There's something a little different about the editor for The Guardian's new monthly US print edition: there isn't one. Set to launch Wednesday, #Open001 is being created using a proprietary algorithm rather than people (and we thought the media was dying!). The 5,000 paper run will be available for free at several advertising agencies. Articles are selected from the paper's online edition, based on how they performed on social networks like Facebook and Twitter. Some of the stories set to be included in this month's edition include "Robots and sex: creepy or cool?" and "Facebook's Sheryl Sandberg: who are you calling bossy." Captivating, right?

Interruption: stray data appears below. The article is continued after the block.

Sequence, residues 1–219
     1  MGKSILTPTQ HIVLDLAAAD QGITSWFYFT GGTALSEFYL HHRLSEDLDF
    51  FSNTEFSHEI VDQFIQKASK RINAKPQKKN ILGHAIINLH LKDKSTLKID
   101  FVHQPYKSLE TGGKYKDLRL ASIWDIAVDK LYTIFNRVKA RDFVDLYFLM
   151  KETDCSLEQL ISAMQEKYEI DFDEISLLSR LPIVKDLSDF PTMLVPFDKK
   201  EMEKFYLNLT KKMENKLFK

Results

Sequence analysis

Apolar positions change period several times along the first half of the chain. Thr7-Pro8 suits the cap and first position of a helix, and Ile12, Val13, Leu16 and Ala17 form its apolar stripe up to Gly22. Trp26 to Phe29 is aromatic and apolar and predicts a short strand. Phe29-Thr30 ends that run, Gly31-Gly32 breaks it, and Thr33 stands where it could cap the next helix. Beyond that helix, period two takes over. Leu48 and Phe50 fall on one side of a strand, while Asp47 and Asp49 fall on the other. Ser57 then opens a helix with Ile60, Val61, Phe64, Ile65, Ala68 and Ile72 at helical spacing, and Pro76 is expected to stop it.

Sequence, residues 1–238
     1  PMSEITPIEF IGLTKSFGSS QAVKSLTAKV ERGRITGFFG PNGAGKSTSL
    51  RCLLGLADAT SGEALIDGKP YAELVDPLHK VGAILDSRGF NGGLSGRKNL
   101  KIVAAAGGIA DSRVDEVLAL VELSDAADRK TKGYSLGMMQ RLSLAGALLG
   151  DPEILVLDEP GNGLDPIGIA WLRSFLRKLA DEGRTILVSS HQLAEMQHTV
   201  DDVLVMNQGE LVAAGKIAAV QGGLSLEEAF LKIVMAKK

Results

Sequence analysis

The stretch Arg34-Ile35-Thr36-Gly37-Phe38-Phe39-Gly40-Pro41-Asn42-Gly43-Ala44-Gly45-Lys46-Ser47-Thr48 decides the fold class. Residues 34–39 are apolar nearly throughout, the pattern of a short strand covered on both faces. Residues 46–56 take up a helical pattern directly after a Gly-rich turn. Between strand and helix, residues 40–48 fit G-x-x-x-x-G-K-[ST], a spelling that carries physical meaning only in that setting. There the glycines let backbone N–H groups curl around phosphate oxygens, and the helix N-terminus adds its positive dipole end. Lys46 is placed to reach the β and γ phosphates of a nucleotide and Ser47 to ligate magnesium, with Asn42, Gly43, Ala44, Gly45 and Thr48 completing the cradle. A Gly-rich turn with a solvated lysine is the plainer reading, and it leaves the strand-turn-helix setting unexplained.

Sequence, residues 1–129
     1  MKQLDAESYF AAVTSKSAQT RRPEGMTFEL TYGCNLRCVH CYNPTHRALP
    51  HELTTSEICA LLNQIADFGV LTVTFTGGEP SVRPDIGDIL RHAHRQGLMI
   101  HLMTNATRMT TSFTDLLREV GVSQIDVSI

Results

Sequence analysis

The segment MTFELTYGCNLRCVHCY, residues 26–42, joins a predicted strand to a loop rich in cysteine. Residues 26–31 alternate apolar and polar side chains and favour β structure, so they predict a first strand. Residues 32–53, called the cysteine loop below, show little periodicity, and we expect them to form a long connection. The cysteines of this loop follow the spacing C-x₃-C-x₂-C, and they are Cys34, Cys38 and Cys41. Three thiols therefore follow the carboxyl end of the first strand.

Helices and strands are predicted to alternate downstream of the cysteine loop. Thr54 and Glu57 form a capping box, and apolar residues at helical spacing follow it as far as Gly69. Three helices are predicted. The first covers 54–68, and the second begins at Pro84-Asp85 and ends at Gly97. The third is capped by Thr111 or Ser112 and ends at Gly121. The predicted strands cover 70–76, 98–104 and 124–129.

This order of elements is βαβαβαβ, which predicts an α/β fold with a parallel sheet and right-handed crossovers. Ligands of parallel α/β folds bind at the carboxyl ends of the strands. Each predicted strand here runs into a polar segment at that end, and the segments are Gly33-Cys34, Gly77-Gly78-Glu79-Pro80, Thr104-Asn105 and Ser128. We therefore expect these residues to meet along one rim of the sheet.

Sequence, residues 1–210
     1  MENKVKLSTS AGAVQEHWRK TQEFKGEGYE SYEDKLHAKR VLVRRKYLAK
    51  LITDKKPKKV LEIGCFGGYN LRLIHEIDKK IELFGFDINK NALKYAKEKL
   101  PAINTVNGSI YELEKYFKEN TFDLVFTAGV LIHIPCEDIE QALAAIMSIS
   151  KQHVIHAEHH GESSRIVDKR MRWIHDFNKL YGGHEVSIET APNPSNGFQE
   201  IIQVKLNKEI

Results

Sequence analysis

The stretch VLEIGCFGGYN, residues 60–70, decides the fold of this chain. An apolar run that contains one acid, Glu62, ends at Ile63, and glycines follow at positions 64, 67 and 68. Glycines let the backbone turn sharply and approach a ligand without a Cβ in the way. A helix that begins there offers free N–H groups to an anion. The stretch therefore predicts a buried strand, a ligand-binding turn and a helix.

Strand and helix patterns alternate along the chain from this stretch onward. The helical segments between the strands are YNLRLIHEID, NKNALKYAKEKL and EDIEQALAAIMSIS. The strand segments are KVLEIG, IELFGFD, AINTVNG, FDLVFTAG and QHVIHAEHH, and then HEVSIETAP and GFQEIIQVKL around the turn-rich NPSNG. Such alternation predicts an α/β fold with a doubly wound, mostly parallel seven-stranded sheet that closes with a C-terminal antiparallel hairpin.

In a world where publications are trying to compete with the fast online world and viral news sites packed with automated content, it's not surprising a newspaper would try to adopt an inexpensive human-free model. This isn't even the first time The Guardian has replaced people with our digital overlords. It's already putting out a weekly print edition in London called "Good Long Read" using the same algorithm. The paper's layout designer is also a robot, which means it can be created even faster. Newspaper Club, that handles the design and printing, says it's very close to process where one person can create a paper in under an hour. Whether it's a paper full of stories we want to read is another question entirely.